Remember, the boat is in the water with the water ballast still in the keel. Pump out the water with the compressed air. The boat is lighter to retrieve. So what, if the regulator needs servicing once a year? As it happens, as the regulator is not going to be used underwater, it probably won't require so much servicing.

    Anyway, this is just an idea. It just needs refinement.

    Pericles
     
  12. Claus Riepe
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    Claus Riepe Junior Member

    Well you may wish to refine it so. We have long discarded it.
    C.
     
  13. Pericles
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    Pericles Senior Member

    Nope,

    Not interested in wind driven craft.

    Sorry about that.

    Pericles
     
  14. ancient kayaker
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    ancient kayaker aka Terry Haines

    In most cases the water should flood the tank(s) without need for pumping following or during launch, and can drain out while the boat is being raised from the water. The lifting weight need not be much more than the empty weight of the boat to get the water to exit under gravity. Pumping out before lifting will get you reduced draft but not much reduced weight, since you would hardly remove the boat completely before opening the drain cocks since that would put unnecessary strain on the structure.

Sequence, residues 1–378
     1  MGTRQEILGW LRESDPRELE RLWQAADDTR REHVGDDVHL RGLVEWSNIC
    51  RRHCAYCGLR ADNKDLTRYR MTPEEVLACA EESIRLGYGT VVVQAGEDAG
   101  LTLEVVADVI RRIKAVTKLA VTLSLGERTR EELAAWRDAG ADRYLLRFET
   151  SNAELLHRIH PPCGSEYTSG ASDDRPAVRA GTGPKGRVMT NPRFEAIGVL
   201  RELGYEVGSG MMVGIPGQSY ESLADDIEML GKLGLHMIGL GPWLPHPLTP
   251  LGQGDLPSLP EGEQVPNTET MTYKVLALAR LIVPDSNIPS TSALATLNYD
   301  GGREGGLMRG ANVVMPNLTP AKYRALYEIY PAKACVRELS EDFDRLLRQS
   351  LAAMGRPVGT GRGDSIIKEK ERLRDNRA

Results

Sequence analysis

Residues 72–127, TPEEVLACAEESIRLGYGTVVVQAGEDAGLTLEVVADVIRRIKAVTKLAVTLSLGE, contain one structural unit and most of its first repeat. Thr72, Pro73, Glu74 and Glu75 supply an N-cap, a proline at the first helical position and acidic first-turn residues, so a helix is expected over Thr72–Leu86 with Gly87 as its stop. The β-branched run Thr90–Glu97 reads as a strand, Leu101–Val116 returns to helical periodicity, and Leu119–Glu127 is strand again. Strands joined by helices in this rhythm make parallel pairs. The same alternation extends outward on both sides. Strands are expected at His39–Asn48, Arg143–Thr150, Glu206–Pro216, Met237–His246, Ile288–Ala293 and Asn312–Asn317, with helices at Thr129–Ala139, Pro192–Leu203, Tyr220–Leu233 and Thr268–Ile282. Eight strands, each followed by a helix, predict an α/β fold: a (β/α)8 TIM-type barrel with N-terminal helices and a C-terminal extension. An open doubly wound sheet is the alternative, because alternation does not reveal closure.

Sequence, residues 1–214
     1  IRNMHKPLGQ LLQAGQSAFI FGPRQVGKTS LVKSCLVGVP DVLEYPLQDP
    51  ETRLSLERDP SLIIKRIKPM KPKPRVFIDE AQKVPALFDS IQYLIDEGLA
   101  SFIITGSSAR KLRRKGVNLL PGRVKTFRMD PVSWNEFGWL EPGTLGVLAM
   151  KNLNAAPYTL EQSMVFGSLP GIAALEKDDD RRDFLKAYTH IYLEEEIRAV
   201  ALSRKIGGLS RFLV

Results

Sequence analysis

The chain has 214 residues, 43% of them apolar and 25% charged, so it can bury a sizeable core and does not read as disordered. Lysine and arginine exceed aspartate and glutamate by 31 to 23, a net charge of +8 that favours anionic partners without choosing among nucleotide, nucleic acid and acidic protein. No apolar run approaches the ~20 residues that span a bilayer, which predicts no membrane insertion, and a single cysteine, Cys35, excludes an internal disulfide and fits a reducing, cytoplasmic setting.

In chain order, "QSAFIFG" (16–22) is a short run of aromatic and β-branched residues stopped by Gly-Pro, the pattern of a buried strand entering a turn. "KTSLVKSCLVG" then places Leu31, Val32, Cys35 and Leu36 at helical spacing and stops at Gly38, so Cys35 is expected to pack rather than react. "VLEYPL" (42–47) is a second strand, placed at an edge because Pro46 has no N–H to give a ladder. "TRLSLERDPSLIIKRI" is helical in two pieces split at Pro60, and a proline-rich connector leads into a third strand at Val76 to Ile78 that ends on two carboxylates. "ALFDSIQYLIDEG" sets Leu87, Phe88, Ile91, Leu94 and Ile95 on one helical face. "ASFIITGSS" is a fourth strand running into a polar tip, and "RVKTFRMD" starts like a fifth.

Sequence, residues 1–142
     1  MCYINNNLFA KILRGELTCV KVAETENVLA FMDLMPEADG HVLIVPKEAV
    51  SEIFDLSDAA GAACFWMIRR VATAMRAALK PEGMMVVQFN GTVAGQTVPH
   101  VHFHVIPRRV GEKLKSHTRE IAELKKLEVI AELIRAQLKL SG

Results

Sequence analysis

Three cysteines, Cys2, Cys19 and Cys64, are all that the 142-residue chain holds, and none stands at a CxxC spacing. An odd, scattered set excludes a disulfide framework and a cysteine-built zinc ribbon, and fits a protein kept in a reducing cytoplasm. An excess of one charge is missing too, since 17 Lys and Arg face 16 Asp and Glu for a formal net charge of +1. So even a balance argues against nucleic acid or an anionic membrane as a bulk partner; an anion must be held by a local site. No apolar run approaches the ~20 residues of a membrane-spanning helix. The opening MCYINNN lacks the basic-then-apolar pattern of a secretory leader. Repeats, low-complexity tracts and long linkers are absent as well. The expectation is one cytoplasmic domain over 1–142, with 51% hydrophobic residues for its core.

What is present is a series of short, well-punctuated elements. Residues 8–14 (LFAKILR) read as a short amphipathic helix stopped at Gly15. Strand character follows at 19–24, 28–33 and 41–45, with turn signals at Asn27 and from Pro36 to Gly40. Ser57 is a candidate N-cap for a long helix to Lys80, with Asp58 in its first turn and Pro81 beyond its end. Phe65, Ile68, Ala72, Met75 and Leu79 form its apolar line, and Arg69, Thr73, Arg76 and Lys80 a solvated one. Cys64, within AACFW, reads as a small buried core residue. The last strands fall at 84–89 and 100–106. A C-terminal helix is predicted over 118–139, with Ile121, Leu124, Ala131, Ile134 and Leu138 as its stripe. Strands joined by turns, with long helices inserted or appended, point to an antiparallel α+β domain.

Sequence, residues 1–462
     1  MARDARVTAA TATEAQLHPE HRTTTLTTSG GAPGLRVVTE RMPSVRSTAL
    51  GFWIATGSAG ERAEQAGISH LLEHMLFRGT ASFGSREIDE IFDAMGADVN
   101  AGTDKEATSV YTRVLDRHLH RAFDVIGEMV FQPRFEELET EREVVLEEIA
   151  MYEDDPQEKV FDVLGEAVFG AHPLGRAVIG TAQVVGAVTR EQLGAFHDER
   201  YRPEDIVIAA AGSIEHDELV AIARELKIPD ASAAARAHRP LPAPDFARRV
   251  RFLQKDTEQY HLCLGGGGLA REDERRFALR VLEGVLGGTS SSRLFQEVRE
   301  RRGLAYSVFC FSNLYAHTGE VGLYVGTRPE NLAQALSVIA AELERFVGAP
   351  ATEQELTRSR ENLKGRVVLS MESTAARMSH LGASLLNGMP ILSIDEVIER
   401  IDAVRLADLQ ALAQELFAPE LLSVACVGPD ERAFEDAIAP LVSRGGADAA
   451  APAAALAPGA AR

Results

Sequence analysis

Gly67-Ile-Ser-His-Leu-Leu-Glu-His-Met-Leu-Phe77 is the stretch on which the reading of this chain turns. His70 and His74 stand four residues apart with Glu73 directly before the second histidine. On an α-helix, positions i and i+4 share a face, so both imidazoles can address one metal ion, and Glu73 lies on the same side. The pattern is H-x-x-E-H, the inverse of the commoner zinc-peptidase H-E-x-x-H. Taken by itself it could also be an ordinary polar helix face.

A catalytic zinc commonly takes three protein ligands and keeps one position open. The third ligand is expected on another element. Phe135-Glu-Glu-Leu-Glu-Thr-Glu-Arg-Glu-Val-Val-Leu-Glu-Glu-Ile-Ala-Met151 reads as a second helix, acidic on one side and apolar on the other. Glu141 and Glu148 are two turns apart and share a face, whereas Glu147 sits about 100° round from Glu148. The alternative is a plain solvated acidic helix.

Unless you need to reduce draft, why use a pump to raise the boat, when you can use something with serious power like a hoist or tow truck?
     

  15. Claus Riepe
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    Claus Riepe Junior Member

    Hand air-pump

    We actually have gone air-pumping. Found a big manual airpump with 5 ltrs. volume per full stroke, and with safety over-pressure indicator.

    We use it when the wind drops in mid-race. The crew then pumps a little air pressure into the tank in order to help the selfbailers drain out the water quicker.
    Also, when the boat has come home into the marina with full ballast tank, the airpump works more efficiently than the water bailing pump to get the tank completely dry.
    C.